In the Press...
APP story on Rep. Smith's amendment passing House 362-64'Manalapan man's death could boost SEALs care'
'Mom pushed for improved medical procedures takes a step forward in US House'
Asbury Park Press Staff Writer
In the months after Manalapan’s Kyle Mullen died while trying to become a Navy SEAL because he did not receive the proper medical attention, his mother Regina Mullen has sought to reform the process.
Her quest took a step forward Thursday.
The U.S. House of Representatives voted 362 to 64 to include an amendment, titled “Kyle Mullen Naval Safety Enhancements,” to the National Defense Authorization Act for fiscal year 2023.
The amendment was authored by U.S. Rep. Chris Smith, whose congressional district includes Manalapan. It “directs the Secretary of Defense to conduct an appraisal of and provide recommended policies for improved medical care and oversight of individuals in the Navy engaged in high-stress training like the Navy SEALs to better ensure sailor safety and prevent related long-term injury, illness, and death,” Smith said in remarks on the House floor Wednesday.
Kyle Mullen, a former football and basketball standout at Manalapan High School who later played football at Yale and Monmouth universities, died Feb. 4 in San Diego hours after completing the grueling portion of SEAL training known as “Hell Week.”
“This sailor had completed Hell Week and was being looked after by nonmedical personnel to help him tend to his basic needs,” the autopsy report read. “He was in a wheelchair most of the time, unable to stand and walk on his own. He had reportedly been coughing/spitting up red-tinged fluid which had nearly filled a 36-oz. sports drink bottle.”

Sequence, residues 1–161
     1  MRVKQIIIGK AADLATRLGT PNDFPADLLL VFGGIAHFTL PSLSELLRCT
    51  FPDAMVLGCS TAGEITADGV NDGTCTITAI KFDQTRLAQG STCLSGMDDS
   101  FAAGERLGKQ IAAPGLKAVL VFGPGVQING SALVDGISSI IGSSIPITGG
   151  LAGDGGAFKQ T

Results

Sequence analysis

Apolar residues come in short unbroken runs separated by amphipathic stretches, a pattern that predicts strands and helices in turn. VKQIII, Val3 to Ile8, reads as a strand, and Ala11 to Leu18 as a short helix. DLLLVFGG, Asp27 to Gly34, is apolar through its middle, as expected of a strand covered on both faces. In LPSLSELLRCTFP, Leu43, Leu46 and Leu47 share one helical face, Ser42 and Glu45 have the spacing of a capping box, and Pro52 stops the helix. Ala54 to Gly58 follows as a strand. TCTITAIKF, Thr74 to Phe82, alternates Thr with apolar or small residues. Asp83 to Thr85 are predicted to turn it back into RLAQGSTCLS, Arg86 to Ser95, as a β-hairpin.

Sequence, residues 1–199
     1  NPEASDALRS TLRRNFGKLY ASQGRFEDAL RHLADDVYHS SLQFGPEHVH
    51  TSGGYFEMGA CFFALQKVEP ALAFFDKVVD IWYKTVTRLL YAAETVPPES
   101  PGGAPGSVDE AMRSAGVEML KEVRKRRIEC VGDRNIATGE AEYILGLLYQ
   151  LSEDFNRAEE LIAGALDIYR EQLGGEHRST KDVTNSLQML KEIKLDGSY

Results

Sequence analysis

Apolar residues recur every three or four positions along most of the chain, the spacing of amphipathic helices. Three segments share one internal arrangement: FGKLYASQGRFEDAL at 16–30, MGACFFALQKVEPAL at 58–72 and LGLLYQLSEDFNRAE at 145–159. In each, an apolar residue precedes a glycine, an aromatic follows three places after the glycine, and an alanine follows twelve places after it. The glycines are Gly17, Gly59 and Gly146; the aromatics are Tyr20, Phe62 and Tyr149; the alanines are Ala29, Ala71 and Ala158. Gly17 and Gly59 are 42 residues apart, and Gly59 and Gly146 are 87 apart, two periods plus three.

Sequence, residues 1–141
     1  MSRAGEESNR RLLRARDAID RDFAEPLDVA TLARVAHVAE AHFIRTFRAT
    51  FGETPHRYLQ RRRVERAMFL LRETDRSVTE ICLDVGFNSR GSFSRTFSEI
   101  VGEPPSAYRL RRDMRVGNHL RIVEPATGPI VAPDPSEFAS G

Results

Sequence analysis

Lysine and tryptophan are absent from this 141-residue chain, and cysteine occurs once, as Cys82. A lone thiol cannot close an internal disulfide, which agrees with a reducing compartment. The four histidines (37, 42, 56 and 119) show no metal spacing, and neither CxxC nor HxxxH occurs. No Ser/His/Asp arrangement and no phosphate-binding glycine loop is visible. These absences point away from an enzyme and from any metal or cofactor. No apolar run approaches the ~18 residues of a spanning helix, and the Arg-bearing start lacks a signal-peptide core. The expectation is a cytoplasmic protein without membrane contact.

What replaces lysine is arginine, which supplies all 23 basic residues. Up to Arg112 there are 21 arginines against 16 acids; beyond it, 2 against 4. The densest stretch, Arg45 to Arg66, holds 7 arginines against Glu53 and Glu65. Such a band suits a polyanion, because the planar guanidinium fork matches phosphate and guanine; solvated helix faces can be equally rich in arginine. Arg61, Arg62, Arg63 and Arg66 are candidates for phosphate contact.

Over the course of several interviews with the Asbury Park Press, Regina Mullen repeated her concern that this was not an isolated tragedy but the product of a systemic failure — that the lack of medical attention for SEAL candidates is a built-in part of the training process. That concern was echoed by another Navy SEAL candidate who told the Press he nearly died due to lack of medical attention after he dropped out of Hell Week.
“Kyle’s mother, Regina, a nurse, told me in a heartbreaking conversation in her home that Kyle’s death could have been prevented had her son received timely medical attention,” Smith said on the House floor. “Regina has many questions that demand answers. Meanwhile, this grieving mom has made it clear and with great urgency and resolve that Congress and DOD (Department of Defense) must insist that medical care, aggressive monitoring and oversight be provided now — without delay — to every Navy SEAL candidate during high-stress training.”
A separate investigation by the Naval Criminal Investigative Service into why Mullen went untreated until it was too late remains ongoing.
Jerry Carino is community columnist for the Asbury Park Press, focusing on the Jersey Shore’s interesting people, inspiring stories and pressing issues.This story ran on page 1 of the jULY 15, 2022 print edition of the Asbury Park Press and can be found at: